A plan of subdivision permits an owner of a parcel of land to divide the land into two or more new parcels of land.
New parcels of land that can be created by a plan of subdivision are lots, roads, reserves or common property.
A plan of subdivision may create restrictions, owners corporations and any easements (including implied easements) necessary to make the development of land functional.
Any new plan of subdivision is lodged and approved by Land Use Victoria in accordance with section 22 of the Subdivision Act 1988 (Vic).
A plan of subdivision may also remove or vary restrictions and easements encumbering a parcel of land (as created in an earlier plan of subdivision), with a planning permit under Section 23 of the Subdivision Act 1988 (Vic).
A plan of subdivision can be complicated and has certain legal requirements. Therefore, it is highly recommended that a legal practitioner and land surveyor be engaged to oversee the application process from the start.
A subdivision of land must ensure the land is used and developed in a sustainable manner, having regard to a range of environmental, social and economic considerations.
In general, a registered proprietor of land who wishes to have a plan of subdivision registered must:
(a) Have a licensed land surveyor to prepare a plan of subdivision in accordance with the Subdivision Act and the relevant local authority planning scheme, regulations and by-laws;
(b) The surveyor will apply for a planning permit for development with subdivision. An approval at this stage ensures, in principle, that the proposal complies with the Planning and Environment Act 1987 (Vic) and the local planning scheme. The planning permit will set the general parameters and conditions for final approval of the subdivision by the local authority;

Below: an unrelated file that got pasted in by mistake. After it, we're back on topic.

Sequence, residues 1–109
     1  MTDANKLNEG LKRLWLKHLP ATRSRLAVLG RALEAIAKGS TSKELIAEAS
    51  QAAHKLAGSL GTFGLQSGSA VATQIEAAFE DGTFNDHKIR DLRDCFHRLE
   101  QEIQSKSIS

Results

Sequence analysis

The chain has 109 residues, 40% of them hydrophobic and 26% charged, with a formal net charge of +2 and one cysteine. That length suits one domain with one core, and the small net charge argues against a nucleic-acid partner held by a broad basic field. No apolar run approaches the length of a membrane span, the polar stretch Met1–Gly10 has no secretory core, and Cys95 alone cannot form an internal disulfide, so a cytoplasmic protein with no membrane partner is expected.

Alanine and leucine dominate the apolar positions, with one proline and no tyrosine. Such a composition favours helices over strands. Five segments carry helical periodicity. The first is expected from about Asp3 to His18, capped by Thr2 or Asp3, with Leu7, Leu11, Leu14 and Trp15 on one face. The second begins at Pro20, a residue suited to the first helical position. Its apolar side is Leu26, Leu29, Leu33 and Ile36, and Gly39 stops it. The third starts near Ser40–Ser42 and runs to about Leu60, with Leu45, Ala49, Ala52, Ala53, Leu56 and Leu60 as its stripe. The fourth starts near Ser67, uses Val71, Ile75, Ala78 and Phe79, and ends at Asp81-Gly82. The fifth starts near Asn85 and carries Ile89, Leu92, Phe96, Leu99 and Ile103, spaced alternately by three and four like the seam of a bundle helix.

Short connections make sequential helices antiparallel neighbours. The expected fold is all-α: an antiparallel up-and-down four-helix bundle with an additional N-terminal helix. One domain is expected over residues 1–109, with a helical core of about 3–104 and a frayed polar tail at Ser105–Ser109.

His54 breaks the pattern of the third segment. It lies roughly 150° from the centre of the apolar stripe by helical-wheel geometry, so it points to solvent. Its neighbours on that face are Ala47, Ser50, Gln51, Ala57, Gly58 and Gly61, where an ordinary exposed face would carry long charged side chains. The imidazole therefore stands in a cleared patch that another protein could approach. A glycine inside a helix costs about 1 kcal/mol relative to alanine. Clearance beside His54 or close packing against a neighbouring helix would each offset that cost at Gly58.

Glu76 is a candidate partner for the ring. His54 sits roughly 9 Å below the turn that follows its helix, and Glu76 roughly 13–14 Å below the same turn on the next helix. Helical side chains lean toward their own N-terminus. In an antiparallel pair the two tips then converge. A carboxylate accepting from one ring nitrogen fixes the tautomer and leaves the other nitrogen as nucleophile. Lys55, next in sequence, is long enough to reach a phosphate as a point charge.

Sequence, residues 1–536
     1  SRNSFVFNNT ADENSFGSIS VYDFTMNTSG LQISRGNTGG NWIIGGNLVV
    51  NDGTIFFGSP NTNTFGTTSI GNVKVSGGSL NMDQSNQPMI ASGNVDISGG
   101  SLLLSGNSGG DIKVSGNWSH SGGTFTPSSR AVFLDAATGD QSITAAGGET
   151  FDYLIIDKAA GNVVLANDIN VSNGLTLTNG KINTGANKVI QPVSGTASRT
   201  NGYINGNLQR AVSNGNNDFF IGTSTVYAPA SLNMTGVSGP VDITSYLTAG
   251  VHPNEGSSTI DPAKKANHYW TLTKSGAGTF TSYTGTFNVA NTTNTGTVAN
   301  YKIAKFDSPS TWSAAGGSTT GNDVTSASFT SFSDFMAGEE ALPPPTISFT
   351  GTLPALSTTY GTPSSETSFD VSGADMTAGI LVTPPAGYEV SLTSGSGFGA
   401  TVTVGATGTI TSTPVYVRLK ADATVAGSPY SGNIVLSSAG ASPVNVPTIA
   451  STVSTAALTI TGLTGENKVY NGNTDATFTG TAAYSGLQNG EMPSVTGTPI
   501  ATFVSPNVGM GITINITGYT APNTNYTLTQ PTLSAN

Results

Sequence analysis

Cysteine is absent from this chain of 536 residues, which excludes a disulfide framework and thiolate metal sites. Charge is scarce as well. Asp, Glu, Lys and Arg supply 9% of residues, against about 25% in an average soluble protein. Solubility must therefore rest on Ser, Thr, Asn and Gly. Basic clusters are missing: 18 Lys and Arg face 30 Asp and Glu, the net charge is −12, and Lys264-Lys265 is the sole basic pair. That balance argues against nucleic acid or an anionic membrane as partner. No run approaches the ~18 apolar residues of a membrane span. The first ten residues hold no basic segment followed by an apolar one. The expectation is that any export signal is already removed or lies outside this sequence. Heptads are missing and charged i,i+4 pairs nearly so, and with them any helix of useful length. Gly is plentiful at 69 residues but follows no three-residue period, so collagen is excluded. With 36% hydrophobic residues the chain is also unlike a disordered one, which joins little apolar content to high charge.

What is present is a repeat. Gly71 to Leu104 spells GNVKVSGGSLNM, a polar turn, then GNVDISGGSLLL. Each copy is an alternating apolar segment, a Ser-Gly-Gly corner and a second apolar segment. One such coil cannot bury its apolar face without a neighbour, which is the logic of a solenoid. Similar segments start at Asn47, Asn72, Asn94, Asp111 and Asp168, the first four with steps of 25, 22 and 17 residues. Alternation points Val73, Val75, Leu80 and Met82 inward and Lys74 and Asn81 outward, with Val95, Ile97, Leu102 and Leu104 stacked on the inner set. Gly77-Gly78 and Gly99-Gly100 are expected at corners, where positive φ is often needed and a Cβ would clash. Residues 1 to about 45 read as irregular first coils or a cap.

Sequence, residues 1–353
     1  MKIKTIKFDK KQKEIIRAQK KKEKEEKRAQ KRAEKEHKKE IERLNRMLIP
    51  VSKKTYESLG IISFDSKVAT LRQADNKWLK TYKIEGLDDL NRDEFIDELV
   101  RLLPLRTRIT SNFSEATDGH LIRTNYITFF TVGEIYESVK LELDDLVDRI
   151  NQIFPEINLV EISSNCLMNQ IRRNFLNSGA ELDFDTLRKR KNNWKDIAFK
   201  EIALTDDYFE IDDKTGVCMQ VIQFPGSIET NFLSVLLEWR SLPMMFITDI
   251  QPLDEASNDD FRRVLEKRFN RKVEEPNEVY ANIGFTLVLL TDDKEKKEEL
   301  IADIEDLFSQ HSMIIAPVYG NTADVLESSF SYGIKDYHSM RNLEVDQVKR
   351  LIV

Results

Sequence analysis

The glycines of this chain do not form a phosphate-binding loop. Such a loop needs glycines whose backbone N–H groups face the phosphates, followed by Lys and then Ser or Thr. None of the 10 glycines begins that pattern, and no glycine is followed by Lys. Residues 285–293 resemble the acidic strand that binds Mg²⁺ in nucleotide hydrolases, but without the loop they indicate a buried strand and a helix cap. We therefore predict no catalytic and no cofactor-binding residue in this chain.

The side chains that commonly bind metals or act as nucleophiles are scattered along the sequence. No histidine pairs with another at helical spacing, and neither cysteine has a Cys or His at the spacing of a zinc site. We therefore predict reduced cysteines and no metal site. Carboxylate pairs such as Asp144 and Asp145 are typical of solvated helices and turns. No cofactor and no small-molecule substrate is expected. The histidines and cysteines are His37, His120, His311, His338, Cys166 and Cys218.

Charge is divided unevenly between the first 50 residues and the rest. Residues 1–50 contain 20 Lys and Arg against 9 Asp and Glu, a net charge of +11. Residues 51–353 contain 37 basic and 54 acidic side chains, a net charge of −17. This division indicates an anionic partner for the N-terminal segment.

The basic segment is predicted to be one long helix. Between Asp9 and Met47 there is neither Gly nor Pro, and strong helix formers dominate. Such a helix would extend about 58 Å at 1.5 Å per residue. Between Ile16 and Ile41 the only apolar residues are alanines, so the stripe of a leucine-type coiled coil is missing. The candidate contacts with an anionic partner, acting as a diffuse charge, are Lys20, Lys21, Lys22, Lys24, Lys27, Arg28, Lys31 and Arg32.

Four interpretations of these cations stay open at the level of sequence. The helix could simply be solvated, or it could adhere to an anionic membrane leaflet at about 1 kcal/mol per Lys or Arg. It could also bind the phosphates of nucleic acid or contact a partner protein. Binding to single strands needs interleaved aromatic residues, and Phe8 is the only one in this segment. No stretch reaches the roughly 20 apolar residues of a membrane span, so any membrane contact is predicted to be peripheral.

(c) The plan of subdivision is submitted to the local authority for certification. Certification ensures the plan meets the requirements under the Subdivision Act 1988 (Vic), the planning permit requirements and those of any referral authorities;
(d) Obtain approvals for any engineering plans (if required) and complete any works;
(e) Obtain a statement of compliance from the local authority. This is the final approval letter from the local authority stating that all the requirements for the subdivision have been satisfied; and
(f) Finally, lodge the certified plan at Land Use Victoria for registration together with the statement of compliance and any prescribed information and application forms. This is where the new titles will be issued for each lot created.
A statement of compliance issued by the local authority enables an authority to ensure the registered proprietor of the land has complied with any agreements and conditions placed on any planning permit relating to public works and open space provision.
A statement of compliance cannot be issued before a plan of subdivision is certified and it must be obtained before a plan of subdivision can be registered with Land Use Victoria.
Yes, you need a planning permit to subdivide land. In most instances you will be required to apply for a planning permit for a development of a property. This is done to ensure that the new lots are able to be used for the purpose of the plan of subdivision.
Planning permits and building permits are different. This means that you may need one or both depending on your proposed work.
(a) A Planning Permit is for the use and/or development of land;
(b) A Building Permit relates to the construction of a building only, under the Building regulations.
If you require both permits, you must get the planning permit before applying for the building permit. It is important to note that because you have had a planning permit issued does not mean that you can start construction without first getting a building permit.
A plan of consolidation allows a registered proprietor to consolidate two or more parcels of land into one parcel. Only one new parcel can be created by a plan of consolidation.
As part of the consolidation process a plan of consolidation may create, remove and vary restrictions and easements created in earlier plans or dissolve an owners corporation.
Generally, once a plan of subdivision has been lodged at Land Use Victoria, it will take approximately 15 business days between plan lodgement and registration. It is important to note that this timeframe depends on the number of plans already lodged at the time and the complexity of, or errors on, the plan.